OT improving radio reception

Andrew
I might be able to assist you. I have a little experience with similar problems in the San Diego Calif. desert. I dont know what your "standard
antenna" is. If your radio has no connections for attaching an external antenna, there is little you can do to improve the AM reception.
If you want to get involved in amplified AM antennas, I might be of some help.
Jerry

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On Thu, 24 Feb 2005 01:48:01 GMT, "Jerry Martes"

I suspect Jerry may be someone yall want to listen to.
Gunner
Rule #35 "That which does not kill you, has made a huge tactical error"
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wrote:

Roger that!
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wrote:

Thanks for the vote of confidence. But, I actually dont know how much improvement the CCCrane add on antenna provides. That might be a 'fix' for the Andrew V's poor reception. I understand their advertisement for their $100.00 Twin ferrite antenna indicates that it will double the reception. I would think doubling the output would be about 3 db. I didnt realize a 3 db gain antenna would be something that would be worth $100.00. I'd like to hear from someone who has tried the CCCrane AM antenna.
Jerry
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The CC Crane is a ferrite antenna and RF amplifier. It requires a 9-volt battery and claims 32 dB of gain. The primary value of (low noise) gain is to overcome noise and lack of gain in a mediocre receiver -- so the worse the receiver the more it helps.
Being ferrite, it is probably an H-field antenna which would exhibit some directionality. That's good: helps prefer a given signal over external atmospheric and galactic noise.
Once an antenna captures enough signal + external noise to provide signal significantly greater than the receiver's (or amplifier's) internal noise, more antenna doesn't help until it is large enough to have significant directional gain. At broadcast band, that's hundreds of feet.
Making a low-noise broadcast band RF amp is simple, but probably more than $100 worth of screwing around unless one enjoys building elex.
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wrote:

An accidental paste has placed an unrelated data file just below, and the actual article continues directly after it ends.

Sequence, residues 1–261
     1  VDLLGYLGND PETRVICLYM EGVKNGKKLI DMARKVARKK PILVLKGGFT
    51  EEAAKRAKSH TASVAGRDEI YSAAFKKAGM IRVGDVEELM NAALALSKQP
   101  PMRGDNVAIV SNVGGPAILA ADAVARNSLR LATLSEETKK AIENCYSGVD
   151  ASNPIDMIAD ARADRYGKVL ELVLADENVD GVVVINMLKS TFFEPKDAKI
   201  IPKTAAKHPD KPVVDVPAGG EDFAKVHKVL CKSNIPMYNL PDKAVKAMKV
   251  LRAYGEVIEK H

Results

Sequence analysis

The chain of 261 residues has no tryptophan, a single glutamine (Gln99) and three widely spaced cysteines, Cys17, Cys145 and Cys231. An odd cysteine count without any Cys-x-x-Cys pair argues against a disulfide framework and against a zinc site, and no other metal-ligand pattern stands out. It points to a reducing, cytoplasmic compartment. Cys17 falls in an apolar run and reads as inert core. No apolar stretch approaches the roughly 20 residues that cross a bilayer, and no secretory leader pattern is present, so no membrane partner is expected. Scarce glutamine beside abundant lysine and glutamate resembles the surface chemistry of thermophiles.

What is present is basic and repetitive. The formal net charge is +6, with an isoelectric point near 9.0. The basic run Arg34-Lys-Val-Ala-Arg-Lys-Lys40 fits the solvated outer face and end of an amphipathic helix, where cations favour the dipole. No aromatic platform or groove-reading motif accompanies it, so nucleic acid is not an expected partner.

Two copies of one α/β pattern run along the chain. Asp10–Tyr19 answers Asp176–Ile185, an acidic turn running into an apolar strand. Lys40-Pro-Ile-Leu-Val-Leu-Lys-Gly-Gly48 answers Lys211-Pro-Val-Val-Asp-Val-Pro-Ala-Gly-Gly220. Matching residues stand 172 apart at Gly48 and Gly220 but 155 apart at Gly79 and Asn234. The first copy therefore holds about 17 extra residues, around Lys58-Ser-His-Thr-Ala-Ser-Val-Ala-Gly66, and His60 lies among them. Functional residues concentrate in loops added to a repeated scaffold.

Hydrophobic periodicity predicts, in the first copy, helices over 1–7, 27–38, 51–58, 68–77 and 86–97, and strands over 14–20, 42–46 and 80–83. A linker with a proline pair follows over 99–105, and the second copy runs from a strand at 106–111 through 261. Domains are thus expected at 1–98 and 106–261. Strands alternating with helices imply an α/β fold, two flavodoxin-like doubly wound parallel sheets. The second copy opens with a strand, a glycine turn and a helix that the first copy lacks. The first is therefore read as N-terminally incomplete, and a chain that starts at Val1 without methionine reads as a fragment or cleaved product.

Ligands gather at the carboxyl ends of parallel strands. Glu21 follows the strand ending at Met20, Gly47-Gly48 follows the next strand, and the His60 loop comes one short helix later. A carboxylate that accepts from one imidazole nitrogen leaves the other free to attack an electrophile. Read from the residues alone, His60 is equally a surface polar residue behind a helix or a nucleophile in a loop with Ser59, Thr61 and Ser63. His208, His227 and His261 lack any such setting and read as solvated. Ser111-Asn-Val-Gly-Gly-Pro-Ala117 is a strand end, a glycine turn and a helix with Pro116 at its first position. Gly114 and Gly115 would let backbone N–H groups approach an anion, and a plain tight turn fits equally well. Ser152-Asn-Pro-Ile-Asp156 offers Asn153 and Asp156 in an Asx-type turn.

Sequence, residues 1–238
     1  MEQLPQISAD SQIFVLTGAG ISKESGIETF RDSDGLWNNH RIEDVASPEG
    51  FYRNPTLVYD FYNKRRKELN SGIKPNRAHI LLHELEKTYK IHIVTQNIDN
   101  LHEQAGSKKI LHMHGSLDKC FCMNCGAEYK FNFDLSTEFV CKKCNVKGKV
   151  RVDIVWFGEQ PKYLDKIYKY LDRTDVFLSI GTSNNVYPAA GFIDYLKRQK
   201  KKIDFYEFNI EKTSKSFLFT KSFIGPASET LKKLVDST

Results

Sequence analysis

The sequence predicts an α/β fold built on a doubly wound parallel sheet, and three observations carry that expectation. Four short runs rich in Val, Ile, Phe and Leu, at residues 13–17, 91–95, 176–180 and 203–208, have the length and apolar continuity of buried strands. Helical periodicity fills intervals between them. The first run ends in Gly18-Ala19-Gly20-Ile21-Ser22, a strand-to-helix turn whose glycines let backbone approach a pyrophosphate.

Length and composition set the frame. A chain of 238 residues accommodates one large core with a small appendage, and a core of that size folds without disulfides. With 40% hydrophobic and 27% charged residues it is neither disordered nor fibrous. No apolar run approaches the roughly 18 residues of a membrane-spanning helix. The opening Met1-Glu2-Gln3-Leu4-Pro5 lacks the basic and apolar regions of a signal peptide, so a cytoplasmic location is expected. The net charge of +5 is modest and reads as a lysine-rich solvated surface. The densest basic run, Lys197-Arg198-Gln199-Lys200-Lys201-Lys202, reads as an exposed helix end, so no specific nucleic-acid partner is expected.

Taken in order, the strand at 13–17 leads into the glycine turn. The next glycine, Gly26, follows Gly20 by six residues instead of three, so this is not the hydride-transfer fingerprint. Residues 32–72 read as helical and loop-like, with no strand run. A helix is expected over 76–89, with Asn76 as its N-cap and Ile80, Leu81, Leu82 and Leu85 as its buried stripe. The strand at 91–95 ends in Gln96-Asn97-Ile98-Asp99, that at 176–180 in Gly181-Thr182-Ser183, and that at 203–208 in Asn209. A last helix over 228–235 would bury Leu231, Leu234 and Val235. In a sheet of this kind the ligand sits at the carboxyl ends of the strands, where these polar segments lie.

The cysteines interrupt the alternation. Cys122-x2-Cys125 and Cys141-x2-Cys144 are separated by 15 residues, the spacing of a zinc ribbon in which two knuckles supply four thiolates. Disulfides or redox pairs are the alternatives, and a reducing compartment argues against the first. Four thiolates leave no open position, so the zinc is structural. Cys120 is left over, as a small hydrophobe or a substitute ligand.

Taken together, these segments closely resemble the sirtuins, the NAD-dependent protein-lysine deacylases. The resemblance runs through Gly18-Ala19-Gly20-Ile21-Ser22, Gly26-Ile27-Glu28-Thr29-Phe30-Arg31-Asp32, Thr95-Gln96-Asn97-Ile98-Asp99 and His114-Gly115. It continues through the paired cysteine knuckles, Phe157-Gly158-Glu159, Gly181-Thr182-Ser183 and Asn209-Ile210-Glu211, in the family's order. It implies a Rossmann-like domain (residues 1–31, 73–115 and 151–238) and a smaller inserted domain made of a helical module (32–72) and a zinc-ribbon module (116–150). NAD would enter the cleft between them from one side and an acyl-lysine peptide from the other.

Roger on Don's Roger.
Bob Swinney
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Hi Jerry,
Sorry it took so long to get back ...I don't seem to have a lot of time to read posts lately. What I'd like to do (if possible/practical) is set up antenna(s) for am & fm to serve at least 2 recovers, both have external antenna connections and have access to the same external wall on the house. By standard antenna I mean the ones that came with the unit, also I'd like to try the stringing wire method before I spend $$$ on some powered gadget. What info do you need to better advise me?
Thanks ...and thanks to all that responded
Andrew V

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Andrew
All of my experience with commercial Amplified Antennas indicated that they are usually not able to satisfactorily improve the system performance. The concept of including an amplifier between the receiver and the antenna is quite a good idea where transmission line loss is "unavoidable". There is value in designing the receiver's input circuit so it can be adjusted to accomodate whatever antenna impedance gets connected to it. But, that is seldom done these days.
For your consideration - Since a car can get decent AM recption in your neighborhood, there is adequet AM signal strength. I'd suggest that if you have two antenna terminals in the back of a reasonably good household AM receiver, you'll be able to construct a fairly simple antenna that works well for all stations.
Can you locate the receiver close to where a long wire can be made vertical and as long as practical? Then, can a wire be connected to a ground (water pipe).
Dont be confused by thinking that the car antenna is just a short telescoping element. The telescoping (short) mast is actually a probe that couples to the car itself. The car is the antenna. The coax feed line in the car is only a necesary component for minimizing induced noise. Dont include any in the house radio antenna for AM.